DW: I was living through another cold winter in Chicago. It was a lot warmer in Austin, Texas. UT also was then, as it is now, the best value in American legal education. It had a national reputation and an outstanding faculty.

LD: How did you first become interested in employment law?

DW: I was hired by an international firm before I finished law school. But after a few years doing corporate and environmental work, I knew I was going to be more driven to work for people than for corporations. I joined Rose & Rose, a public interest litigation firm. David Rose was the founding partner. He had been the first Section Chief for Employment in the Civil Rights Division of the United States Department of Justice. Right after Congress passed the Civil Rights Act of 1964, the Attorney General assigned Mr. Rose to enforce Title VII, this new law against employment discrimination. About 25 years later, I started learning to litigate Title VII cases from Mr. Rose.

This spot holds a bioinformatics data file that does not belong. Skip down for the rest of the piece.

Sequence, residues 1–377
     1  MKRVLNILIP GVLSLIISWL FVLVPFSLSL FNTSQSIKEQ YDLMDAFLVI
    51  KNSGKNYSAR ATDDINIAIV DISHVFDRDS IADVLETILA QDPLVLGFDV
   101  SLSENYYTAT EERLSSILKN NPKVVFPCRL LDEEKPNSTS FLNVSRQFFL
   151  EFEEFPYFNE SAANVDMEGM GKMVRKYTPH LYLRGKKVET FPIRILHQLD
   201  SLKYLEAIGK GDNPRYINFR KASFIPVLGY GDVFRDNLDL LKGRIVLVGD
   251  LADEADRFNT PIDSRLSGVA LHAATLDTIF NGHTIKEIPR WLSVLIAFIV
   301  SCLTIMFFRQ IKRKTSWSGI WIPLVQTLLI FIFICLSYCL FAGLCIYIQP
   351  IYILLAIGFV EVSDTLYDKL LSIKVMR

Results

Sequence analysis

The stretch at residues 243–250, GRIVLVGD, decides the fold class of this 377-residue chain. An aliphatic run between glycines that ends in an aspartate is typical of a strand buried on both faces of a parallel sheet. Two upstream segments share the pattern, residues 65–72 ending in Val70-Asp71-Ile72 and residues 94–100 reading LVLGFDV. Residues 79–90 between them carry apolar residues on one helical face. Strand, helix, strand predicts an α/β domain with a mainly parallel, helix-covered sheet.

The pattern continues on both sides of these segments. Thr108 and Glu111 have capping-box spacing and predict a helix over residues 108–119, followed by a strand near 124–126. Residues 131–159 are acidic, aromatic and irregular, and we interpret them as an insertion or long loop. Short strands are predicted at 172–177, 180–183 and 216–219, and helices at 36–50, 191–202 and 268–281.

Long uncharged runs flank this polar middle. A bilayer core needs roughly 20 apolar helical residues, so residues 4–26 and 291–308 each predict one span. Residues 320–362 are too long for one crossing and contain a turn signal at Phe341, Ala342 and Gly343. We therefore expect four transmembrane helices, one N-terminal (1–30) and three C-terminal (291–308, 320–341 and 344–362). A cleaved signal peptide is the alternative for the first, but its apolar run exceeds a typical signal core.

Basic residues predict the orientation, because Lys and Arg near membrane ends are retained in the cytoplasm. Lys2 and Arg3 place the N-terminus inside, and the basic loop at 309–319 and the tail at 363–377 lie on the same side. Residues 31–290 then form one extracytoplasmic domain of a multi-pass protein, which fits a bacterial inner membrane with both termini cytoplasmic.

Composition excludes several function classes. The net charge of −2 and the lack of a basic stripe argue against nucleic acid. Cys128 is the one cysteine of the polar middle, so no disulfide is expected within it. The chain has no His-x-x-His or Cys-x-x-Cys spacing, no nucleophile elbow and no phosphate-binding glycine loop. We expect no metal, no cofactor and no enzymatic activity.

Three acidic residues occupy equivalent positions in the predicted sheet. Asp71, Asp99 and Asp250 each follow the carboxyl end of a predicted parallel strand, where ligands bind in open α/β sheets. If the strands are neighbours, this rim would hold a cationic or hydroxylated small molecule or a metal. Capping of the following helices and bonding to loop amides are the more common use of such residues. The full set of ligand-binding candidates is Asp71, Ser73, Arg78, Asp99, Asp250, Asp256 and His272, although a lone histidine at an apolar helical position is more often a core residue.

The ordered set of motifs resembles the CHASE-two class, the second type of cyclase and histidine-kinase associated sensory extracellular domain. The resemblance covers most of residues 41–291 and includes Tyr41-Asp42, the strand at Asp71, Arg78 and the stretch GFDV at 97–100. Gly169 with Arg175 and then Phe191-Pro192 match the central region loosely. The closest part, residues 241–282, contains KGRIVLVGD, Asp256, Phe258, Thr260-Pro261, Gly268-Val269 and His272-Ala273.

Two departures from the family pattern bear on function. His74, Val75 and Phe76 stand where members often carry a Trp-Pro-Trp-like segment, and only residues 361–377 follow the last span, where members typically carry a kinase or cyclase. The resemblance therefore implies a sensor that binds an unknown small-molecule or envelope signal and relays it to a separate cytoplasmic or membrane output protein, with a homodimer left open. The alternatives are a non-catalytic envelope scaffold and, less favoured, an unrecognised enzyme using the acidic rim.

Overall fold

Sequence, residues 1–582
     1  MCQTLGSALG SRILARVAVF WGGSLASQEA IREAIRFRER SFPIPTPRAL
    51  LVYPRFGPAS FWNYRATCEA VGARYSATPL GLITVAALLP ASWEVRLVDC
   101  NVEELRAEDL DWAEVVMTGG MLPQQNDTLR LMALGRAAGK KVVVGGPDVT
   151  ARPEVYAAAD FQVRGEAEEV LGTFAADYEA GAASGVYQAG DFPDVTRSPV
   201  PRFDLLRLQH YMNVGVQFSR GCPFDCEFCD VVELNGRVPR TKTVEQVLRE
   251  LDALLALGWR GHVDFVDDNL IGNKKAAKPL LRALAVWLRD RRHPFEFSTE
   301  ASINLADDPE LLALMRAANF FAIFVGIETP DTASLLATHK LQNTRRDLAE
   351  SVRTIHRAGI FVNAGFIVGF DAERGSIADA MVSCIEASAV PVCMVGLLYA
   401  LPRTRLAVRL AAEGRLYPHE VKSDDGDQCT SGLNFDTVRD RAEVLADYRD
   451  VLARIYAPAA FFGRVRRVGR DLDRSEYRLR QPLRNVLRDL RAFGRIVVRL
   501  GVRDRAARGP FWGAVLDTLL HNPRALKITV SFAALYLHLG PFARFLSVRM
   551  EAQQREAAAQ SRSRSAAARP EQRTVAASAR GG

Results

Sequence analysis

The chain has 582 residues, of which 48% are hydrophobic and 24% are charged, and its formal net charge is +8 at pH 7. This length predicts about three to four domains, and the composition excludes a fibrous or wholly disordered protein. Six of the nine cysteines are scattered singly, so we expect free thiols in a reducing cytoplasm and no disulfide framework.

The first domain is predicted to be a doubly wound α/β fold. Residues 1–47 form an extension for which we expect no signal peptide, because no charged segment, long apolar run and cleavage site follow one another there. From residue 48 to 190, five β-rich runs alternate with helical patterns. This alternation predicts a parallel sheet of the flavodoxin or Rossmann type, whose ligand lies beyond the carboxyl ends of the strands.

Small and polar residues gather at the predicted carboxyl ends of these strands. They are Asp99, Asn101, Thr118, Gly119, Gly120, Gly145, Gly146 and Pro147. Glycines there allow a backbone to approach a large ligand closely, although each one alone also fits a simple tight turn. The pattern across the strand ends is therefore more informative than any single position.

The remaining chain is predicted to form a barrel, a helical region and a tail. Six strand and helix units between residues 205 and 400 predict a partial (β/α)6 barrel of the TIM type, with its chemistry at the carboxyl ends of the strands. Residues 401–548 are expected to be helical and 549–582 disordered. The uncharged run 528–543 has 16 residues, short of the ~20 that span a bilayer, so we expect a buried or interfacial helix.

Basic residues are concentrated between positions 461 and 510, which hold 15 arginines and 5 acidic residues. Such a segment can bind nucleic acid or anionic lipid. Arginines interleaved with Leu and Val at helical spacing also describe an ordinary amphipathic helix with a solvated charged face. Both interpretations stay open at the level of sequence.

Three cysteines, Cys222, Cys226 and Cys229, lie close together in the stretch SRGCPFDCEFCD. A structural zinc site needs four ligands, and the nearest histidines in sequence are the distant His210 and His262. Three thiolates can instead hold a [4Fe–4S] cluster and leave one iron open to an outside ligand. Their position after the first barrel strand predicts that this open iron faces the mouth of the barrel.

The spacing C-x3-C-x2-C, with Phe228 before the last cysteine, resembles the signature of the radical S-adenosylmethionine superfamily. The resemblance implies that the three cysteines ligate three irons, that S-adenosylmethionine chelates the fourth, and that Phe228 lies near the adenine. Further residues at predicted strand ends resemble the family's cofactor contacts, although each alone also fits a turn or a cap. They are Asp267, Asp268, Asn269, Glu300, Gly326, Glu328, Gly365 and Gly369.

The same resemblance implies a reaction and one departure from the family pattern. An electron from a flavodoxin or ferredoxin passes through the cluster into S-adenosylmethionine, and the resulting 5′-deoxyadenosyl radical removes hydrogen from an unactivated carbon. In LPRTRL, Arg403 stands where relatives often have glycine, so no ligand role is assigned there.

LD: What kinds of matters does your firm handle for employees now?

DW: I can divide most of the individual employment law matters we handle into four categories. In chronological order: First, we negotiate employment agreements. Most employees do not have individual agreements, but when they do, the agreements are almost always written by the employer’s lawyer. Making these agreement as fair and clear as possible requires strong drafting skills, problem solving, and knowledge of the laws governing non-compete and non-solicit agreements.

Second, we advise clients with ongoing problems at work, like harassment, lack of accommodation for disability, or an internal investigation.